I was a bit worried when my wife and I ended up with 1 million Marriott Bonvoy points between us, once our SPG and Marriott Rewards balances were merged, but at the moment I have no worries about being able to spend them well.

We are already facing a devaluation when the new Category 8 launch in March and again when peak pricing launches later in the year.  This will put St Regis New York up to 100,000 points on some nights, nearly back to 105,000 in the SPG days – but today all is good.

Over to you, Bonvoy.  You’re on.

How to earn Marriott Bonvoy points and status from UK credit cards

How to earn Marriott Bonvoy points and status from UK credit cards (October 2023)

There are various ways of earning Marriott Bonvoy points from UK credit cards.  Many cards also have generous sign-up bonuses.

The official Marriott Bonvoy American Express card comes with 20,000 points for signing up, 2 points for every £1 you spend and 15 elite night credits per year.

You can apply here.

Marriott Bonvoy American Express

20,000 points sign-up bonus and 15 elite night credits each year Read our full review

You can also earn Marriott Bonvoy points by converting American Express Membership Rewards points at the rate of 2:3.

Do you know that holders of The Platinum Card from American Express receive FREE Marriott Bonvoy Gold status for as long as they hold the card?  It also comes with Hilton Honors Gold, Radisson Rewards Premium and MeliaRewards Gold status.  We reviewed American Express Platinum in detail here and you can apply here.

The Platinum Card from American Express

30,000 points and a huge range of valuable benefits – for a fee Read our full review

You can also earn Marriott Bonvoy points indirectly:

and for small business owners:

The conversion rate from American Express to Marriott Bonvoy points is 2:3.

Click here to read our detailed summary of all UK credit cards which can be used to earn Marriott Bonvoy points

(Want to earn more hotel points?  Click here to see our complete list of promotions from the major hotel chains or use the ‘Hotel Offers’ link in the menu bar at the top of the page.)

Comments (33)

This article is closed to new comments. Feel free to ask your question in the HfP forums.

  • Mikeact says:

    Happy memories of lunch with Bill Marriott down in the Keys, Key West. In those days, top tiers had a special Black card from Marriott which opened up numerous doors. I still have all my old cards but rarely stay at major brands nowadays, we prefer more independent properties like the Agriturismo stays in Italy, or decent B&B’s and smaller family run properties many of which can be pretty expensive . We’ve just had a flying visit to stay at a Spanish Parador in Cadiz, fabulous, but again expensive. I guess it’s horses for courses.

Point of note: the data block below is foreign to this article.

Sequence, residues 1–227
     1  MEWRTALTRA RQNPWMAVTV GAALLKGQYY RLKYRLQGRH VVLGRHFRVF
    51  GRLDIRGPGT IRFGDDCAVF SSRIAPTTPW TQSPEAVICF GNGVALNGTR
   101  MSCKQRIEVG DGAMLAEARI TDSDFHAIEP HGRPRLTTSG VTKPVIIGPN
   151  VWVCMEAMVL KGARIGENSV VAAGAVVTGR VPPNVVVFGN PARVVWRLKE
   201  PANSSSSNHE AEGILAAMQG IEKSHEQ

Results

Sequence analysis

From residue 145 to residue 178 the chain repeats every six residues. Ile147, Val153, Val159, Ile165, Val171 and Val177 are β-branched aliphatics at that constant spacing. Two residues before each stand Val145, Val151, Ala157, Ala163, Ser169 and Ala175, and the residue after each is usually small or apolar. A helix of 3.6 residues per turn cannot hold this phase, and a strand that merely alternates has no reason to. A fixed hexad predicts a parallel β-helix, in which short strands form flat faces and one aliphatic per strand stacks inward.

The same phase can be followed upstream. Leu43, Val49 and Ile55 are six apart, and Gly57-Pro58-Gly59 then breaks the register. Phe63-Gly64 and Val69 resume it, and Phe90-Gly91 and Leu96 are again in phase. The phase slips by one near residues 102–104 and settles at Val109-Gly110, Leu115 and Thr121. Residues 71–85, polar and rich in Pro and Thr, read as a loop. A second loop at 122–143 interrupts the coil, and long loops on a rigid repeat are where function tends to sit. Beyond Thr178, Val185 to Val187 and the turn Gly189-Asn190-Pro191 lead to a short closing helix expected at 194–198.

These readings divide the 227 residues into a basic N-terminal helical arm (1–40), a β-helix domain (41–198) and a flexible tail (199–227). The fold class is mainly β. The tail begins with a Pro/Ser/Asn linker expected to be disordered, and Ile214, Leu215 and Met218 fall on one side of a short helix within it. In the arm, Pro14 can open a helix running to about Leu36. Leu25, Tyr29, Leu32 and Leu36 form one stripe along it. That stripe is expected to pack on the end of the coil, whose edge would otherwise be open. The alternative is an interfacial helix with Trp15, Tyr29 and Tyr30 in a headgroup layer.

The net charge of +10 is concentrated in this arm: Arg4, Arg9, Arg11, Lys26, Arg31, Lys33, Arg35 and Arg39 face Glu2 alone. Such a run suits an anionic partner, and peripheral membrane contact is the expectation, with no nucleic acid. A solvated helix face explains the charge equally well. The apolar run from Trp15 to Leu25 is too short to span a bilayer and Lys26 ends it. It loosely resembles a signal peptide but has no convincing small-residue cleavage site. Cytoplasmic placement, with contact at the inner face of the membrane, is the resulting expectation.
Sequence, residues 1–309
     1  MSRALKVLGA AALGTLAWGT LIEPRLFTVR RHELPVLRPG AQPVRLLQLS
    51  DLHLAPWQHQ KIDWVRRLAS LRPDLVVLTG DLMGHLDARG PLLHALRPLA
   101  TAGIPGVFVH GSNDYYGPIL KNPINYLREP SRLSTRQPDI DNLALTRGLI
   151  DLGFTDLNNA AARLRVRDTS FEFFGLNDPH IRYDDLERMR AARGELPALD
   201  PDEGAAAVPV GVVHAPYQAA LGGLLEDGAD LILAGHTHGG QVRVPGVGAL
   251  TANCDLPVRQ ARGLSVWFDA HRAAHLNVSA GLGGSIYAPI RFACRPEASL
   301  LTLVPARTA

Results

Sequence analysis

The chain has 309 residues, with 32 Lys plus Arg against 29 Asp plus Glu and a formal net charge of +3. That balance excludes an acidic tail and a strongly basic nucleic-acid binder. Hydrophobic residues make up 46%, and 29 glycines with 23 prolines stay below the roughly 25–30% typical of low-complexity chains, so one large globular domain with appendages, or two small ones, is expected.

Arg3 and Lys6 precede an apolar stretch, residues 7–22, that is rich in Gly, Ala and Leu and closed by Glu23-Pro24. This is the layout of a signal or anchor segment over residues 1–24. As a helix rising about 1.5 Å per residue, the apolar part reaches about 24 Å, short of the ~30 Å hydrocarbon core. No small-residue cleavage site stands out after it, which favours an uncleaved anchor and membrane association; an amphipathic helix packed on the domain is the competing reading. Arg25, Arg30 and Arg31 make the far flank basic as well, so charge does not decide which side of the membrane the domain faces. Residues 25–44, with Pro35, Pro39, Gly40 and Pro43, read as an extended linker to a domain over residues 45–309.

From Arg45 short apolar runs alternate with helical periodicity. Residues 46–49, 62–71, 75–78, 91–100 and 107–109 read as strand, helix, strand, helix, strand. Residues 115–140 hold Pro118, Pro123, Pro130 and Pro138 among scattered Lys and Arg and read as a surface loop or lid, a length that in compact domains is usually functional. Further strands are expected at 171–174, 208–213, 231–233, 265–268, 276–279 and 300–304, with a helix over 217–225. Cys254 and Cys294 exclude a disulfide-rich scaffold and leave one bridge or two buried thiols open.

• marcw says:

      You can book Spanish Paradors quite affordable with Avios. You can get a 5 nights voucher (inc Breakfast) for 120k Avios. The only problem is you can not exchange it at the Parador in Granada 🙁

      • Shoestring says:

        bit of a shame that el Talonario Bancotel disappeared – I used those for many a cheap stay, they were also valid at the lesser paradores

  • Boi says:

    Anyway of earning small number of marriott points (i need about 3000) when I dont have MR or SPG card? Need them to complete a booking for May before my next churn.

    • Scottydogg says:

      You can buy points , obviously not the best option , but if your stuck then thats an option
      I need 8000 and im thinking i might need to just buy them , especially if the hotel im looking at comes up on the list for the points increase

  • Kipto says:

    Marriott points bookings.
    I was about to book a Marriott points redemption yesterday for one night but held back. When I returned to the site last night there was no availability for points redemptions. Did I read somewhere that SPG or Marriott had no blackout nights ??

    • Matthew says:

      No blackout for ‘standard’ rooms I think. Check the rooms available for cash as that will show if standard not available. Happened to me too for a Tuscany hotel. Availability will come and go so keep checking.

    • Peter K says:

      There is a difference between no blackout dates and last room availability.
      The first just means that a minimum of one room is made available every day of the year on points, the latter means that if a standard room is available for cash it is available for points.

  • Brian says:

    ‘I was a bit worried when my wife and I ended up with 1 million Marriott Bonvoy points between us’ – lol! I can’t imagine many things less worrying than ending up with a million points. 🙂

  • Pangolin says:

    Well this changeover hasn’t been all roses for me. I had 25 stays at SPG legacy brands but I didn’t get Platinum in the recent sweep. When I queried it they said I only had 22 stays! Fortunately I kept screenshots of the old SPG platform so I have some ammo to fight this with.

    I don’t know how long it’s going to take to get it sorted though. If I don’t get them to finally give me Platinum then I’m done with Binvoy and will stick to Hilton.

  • PS says:


    Does anyone know when Marriot statuses change over? I’m still showing as platinum when I only did 10 stays in 2018 and I thought it would have changed over by now. Just wondering if it’s worth getting a stay in whilst I still have the perks.


  • Sergey says:

    Well, Marriott made status qualification twice as difficult – and out of reach for most people. All the rest aside, this is a tremendous devaluation of the program (as compared to SPG).

  • Daniel says:

    Just checked my Marriott account and notice I’m showing as ‘Lifetime Gold’ despite only having 395 lifetime nights. Is it normal for them to upgrade early, or is this likely to be an error ?

This article is closed to new comments. Feel free to ask your question in the HfP forums.

The UK's biggest frequent flyer website uses cookies, which you can block via your browser settings. Continuing implies your consent to this policy. Our privacy policy is here.